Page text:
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District 3 State Senate vacancy candidates discuss platforms at forum

Ahead of democratic primary, candidates discuss climate, COVID, public schools

<p>Roughly 250 constituents attended the virtual forum where five Democratic candidates discussed their agendas.</p>

Roughly 250 constituents attended the virtual forum where five Democratic candidates discussed their agendas.

The five Democratic candidates competing for the District 3 State Senate vacancy met and outlined their agendas in a virtual forum hosted by the four neighborhood associations that comprise the district Thursday evening.

In anticipation of the Oct. 5 primary, roughly 250 constituents had the chance to hear from the candidates, who addressed issues such as public schools, American Rescue Plan funding allocation and Providence’s housing crisis. Dan McGowan, columnist for the Boston Globe, moderated the event.

Sen. Gayle Goldin, D-Providence, resigned from her seat representing most of Providence’s East Side last August to join the Biden administration as a senior adviser for the U.S. Department of Labor Women’s Bureau. Five Democrats and one Republican have been campaigning to represent District 3, and the winning candidate will serve out the remaining 14 months of Goldin’s term.

Hilary Levey Friedman, visiting assistant professor of education for the University and former president of the Rhode Island chapter of the National Organization for Women, spoke extensively about climate, women’s rights and considering families in policy changes. As someone with young kids and aging parents, she said, “just having that perspective is extremely important and we don’t always have (it) represented in our legislature.”

Candidate Bret Jacob described his experiences with homelessness, attending public school and his career as director of research and development for Mayor Jorge Elorza. “I know what it’s like to know what happens when a system fails, and I also know what it’s like to live through a system that works,” Jacob said.

Public school teacher Geena Pham is running on a progressive agenda that emphasizes climate justice, public education improvements and taxes for the wealthy, The Herald previously reported. “I was inspired to run for office by my students,” Pham said, who were fearful about how climate change would impact their futures. If elected, Pham would be the first Asian American to serve in the Rhode Island General Assembly.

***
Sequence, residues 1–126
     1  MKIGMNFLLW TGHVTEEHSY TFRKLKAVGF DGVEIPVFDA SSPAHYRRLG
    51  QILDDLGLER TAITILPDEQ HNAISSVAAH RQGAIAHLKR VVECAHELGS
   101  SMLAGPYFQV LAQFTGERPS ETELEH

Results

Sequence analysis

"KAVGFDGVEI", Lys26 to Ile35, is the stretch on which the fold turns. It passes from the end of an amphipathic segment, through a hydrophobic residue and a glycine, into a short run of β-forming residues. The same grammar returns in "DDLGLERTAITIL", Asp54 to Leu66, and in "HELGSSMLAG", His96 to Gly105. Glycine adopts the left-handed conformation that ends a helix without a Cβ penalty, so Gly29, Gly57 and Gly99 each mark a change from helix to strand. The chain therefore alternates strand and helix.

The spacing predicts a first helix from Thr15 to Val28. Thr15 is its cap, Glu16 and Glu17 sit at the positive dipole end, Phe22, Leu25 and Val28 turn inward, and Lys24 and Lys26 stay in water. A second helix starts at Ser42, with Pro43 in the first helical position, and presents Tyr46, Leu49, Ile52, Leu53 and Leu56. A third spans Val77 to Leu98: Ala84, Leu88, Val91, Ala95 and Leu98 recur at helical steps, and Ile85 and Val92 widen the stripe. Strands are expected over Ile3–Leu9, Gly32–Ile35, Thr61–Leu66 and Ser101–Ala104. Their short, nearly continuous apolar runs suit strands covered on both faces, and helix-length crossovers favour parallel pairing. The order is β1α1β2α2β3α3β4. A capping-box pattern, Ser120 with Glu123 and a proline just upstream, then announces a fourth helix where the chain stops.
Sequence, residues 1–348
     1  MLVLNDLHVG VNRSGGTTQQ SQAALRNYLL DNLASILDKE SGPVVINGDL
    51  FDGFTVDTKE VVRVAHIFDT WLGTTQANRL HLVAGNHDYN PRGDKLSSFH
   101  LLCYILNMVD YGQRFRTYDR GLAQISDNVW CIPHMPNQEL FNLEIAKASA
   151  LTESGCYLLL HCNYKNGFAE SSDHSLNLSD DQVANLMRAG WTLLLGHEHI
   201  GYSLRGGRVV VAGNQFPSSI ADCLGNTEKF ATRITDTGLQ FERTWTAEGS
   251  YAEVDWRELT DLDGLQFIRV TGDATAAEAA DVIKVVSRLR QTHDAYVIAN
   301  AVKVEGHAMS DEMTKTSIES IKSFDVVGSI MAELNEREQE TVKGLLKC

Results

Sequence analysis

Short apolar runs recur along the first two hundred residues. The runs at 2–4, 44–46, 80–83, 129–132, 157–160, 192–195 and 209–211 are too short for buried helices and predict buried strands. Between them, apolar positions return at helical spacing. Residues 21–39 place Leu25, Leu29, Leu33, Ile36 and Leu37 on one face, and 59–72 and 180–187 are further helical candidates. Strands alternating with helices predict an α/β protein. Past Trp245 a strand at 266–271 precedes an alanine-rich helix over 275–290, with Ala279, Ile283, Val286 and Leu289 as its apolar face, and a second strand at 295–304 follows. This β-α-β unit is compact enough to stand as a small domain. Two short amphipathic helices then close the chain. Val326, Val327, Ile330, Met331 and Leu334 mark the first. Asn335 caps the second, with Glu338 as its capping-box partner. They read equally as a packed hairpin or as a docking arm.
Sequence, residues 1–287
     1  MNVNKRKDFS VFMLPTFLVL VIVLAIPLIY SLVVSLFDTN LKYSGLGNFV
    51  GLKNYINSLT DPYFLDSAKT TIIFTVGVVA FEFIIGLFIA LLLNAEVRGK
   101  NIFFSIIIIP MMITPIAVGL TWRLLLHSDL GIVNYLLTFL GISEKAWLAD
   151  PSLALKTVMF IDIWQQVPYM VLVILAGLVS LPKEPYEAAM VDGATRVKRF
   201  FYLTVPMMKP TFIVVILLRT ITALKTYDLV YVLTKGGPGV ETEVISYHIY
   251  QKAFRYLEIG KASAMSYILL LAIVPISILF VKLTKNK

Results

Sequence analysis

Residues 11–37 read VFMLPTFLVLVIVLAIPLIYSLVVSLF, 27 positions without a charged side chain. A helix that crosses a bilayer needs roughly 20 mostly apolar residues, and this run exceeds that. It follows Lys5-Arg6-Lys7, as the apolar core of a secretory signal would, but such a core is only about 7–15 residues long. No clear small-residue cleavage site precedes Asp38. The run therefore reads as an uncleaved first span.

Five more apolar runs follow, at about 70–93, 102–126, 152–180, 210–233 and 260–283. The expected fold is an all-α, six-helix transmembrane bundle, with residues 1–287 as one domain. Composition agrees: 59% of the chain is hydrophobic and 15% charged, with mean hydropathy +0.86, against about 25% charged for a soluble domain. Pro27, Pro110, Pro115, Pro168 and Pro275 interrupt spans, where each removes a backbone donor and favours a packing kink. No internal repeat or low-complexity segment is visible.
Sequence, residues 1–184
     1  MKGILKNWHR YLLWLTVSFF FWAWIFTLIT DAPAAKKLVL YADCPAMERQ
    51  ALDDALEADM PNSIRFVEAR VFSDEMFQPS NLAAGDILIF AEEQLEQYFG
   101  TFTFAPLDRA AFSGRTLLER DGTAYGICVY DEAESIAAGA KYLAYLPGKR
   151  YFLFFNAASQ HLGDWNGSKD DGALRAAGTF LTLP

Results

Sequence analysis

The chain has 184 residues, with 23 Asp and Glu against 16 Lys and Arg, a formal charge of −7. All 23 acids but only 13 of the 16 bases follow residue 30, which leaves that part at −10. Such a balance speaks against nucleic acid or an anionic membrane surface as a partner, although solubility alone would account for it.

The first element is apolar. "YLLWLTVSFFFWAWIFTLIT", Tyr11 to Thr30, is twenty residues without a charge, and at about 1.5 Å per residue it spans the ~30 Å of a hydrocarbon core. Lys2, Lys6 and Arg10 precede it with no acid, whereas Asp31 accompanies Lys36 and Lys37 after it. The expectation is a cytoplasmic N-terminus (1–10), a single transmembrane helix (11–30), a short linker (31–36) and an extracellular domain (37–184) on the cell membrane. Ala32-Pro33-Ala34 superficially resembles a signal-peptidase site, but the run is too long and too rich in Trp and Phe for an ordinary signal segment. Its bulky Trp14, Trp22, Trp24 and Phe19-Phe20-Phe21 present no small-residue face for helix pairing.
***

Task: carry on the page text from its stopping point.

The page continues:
Former State Representative Ray Rickman is running on his legislative and civil rights experience which he gained through his organizing and time in the State General Assembly, The Herald previously reported. “I know where the bathrooms are” in the state assembly building, Rickman said, emphasizing his familiarity with state and local government. He said that while he is progressive, he was not in support of defunding the police because “I’m not one of those progressives who latches onto slogans and then throws them around.”

Sam Zurier, former City Council member, described himself as a “pragmatic progressive,” supporting market-based climate solutions, improving schools and investing federal funding from emergency COVID-19 relief back into the city.

Each of the five candidates supported a vaccine mandate for the state but discussed different visions for what they would do with funding from the American Rescue Plan. Zurier said that as state senator, he would funnel that money towards affordable housing, a sentiment echoed by Pham, who added emphasis on green housing and fixing lead pipes in Providence. Levey Friedman agreed: “Housing is a true crisis.” 

Jacob emphasized investing in low-income communities of color, where COVID-19 hit the hardest, as well as combating systemic issues facing the state. “We have the opportunity to end homelessness in Rhode Island with these ARP funds,” Jacobs said.

Rickman said he would build an Olympic swimming pool in the city, so lower-income residents could have an accessible means of exercise, as well as direct funding toward working class needs.

All of the candidates underscored the importance of protecting reproductive healthcare and women’s right to choose, and all were receptive to the idea of potentially using a portion of the long-contested and currently vacant Superman Building for affordable housing and community use.

Unopposed Republican candidate Alex Cannon, a senior robotics process automation engineer at Blue Cross & Blue Shield of Rhode Island, also spoke for a few minutes to constituents at the start of the forum, saying that the five Democratic candidates would describe agendas “with not very much variability.” He briefly explained that he was against defunding the police and supported small government.

Following the Democratic primary for the third district state senate seat, the winner will face off against Cannon in the special election on Nov. 2.



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